The skylark (Alauda arvensis) is one of the endangered bird species in Germany. The bird, which grows up to 19 cm, can be recognised by its long tail and dark-striped, beige to reddish-brown colouring and pale belly. The skylark is a ground-breeder and hides its nests in self-scooped hollows in the grass.
In 2005, the avifauna of the site, which was still used as an airport at the time, was recorded almost completely for the first time. In order to conserve the species recorded in 2005 and especially the skylark, a concept was developed in the run-up to the opening of Tempelhofer Feld in May 2010:
- Approximately the eastern half of the area south of the southern runway was fenced off to prevent access.
- The area between the former landing and take-off runways was provided with a row of bollards at a distance of 15 metres from the landing and take-off runways, with information boards at regular intervals indicating a ban on entering the area from March/April to August. This no-entry rule will be monitored by the parking service and enforced if necessary.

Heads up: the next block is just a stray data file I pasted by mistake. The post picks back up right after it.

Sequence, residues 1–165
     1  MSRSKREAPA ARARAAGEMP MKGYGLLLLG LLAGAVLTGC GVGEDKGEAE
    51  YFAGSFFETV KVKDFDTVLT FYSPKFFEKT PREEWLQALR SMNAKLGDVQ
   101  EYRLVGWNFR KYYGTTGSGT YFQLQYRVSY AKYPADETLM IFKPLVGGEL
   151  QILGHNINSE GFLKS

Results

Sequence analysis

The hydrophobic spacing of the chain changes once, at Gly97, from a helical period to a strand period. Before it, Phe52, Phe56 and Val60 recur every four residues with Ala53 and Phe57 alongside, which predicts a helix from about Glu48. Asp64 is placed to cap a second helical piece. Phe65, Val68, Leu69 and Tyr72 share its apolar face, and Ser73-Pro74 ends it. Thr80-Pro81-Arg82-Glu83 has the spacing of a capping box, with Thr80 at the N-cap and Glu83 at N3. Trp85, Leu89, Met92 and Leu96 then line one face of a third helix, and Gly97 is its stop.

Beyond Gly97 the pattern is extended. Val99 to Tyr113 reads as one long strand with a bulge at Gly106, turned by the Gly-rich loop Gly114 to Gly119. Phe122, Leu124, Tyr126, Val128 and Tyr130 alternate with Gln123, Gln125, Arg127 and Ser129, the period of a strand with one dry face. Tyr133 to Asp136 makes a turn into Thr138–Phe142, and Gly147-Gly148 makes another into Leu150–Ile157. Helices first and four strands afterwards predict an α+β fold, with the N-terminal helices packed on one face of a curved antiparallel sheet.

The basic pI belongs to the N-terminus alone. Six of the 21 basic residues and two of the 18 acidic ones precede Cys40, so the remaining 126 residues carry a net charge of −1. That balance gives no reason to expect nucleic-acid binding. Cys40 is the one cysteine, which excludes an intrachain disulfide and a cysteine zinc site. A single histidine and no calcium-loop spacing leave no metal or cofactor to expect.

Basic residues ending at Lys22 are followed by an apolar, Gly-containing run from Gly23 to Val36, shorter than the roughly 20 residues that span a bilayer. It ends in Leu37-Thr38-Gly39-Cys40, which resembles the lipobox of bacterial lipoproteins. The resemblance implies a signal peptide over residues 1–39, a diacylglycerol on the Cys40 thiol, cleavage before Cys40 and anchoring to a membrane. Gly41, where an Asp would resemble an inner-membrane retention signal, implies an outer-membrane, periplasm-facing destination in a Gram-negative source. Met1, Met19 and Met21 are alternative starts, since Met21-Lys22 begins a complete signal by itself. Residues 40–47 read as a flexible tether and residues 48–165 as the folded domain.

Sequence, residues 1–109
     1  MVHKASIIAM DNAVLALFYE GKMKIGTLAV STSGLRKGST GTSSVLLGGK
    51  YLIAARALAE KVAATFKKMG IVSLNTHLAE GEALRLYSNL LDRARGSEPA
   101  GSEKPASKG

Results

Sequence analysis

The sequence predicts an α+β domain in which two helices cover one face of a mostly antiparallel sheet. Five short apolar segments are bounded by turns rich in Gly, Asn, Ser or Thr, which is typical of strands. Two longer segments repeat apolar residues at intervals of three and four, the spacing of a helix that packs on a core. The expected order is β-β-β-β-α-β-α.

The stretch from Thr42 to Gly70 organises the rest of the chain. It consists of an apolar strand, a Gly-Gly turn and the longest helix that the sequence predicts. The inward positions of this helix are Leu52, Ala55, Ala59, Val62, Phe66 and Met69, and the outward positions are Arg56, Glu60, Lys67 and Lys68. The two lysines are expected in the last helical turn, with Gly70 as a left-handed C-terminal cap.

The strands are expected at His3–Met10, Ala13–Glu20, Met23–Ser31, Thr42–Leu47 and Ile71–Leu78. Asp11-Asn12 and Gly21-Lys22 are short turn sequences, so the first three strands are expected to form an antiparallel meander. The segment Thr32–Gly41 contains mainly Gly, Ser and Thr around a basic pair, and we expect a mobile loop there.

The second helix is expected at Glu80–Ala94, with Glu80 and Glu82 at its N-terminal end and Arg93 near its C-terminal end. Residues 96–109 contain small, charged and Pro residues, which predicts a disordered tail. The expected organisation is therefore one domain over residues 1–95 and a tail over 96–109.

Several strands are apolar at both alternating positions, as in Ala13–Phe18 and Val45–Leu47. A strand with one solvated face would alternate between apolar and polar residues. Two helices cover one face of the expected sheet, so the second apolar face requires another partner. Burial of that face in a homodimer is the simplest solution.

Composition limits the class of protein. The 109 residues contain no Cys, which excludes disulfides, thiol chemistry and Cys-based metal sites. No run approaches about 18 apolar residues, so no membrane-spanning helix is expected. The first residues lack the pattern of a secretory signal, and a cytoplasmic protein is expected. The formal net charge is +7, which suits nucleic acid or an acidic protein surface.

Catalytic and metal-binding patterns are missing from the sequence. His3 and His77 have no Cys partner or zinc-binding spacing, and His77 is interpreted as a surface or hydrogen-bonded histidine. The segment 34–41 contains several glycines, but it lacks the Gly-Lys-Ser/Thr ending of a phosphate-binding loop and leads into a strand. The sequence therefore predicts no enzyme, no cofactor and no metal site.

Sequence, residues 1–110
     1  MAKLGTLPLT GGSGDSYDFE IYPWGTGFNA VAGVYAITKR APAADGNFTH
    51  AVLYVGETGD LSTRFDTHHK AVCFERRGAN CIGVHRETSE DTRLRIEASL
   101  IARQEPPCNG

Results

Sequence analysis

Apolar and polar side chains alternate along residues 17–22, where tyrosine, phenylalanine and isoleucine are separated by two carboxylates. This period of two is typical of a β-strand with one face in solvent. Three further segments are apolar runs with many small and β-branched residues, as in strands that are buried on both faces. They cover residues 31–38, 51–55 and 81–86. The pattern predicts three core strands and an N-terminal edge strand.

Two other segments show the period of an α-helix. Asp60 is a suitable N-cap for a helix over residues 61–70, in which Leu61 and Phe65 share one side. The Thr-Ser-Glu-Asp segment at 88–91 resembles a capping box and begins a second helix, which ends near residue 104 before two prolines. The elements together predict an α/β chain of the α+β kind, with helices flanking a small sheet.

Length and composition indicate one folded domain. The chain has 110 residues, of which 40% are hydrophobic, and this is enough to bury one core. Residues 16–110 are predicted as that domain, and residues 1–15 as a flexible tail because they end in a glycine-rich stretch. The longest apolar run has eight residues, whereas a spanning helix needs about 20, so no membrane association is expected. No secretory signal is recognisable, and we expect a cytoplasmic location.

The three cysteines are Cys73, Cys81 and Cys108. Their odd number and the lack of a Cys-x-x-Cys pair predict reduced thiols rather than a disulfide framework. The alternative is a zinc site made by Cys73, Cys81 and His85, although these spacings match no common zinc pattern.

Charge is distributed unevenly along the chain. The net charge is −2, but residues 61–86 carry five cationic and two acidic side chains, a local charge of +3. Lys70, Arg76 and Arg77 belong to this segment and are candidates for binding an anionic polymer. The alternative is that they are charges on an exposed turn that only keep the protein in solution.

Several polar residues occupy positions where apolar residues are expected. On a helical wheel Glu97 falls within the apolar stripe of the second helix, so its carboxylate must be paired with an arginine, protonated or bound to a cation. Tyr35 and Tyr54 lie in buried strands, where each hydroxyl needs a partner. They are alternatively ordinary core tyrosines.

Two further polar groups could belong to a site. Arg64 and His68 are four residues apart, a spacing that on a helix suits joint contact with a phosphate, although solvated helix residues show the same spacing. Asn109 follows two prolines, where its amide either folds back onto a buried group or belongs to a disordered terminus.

- All other meadow areas remain unprotected against trespassing.
- The entire study area can only be entered via a total of 9 entrances; these entrances are open between 6:00 and 22:30 on average during the study period. At night and in the early morning, the study area is thus largely free of human presence.
The breeding birds of the approx. 300 ha Tempelhofer Feld have been repeatedly qualitatively and quantitatively investigated since its opening with the help of the territorial mapping method. The questions of the study are:
- What changes in the avifauna have occurred since the opening?
- What is the effect of opening the site all year round on breeding birds?
- Are the different protection zones suitable and sufficient to ensure the protection of rare and endangered species?
- How and where can better protection be achieved?
- What maintenance measures will be necessary in the future to preserve the existing range of species?
- Is there a need for further research?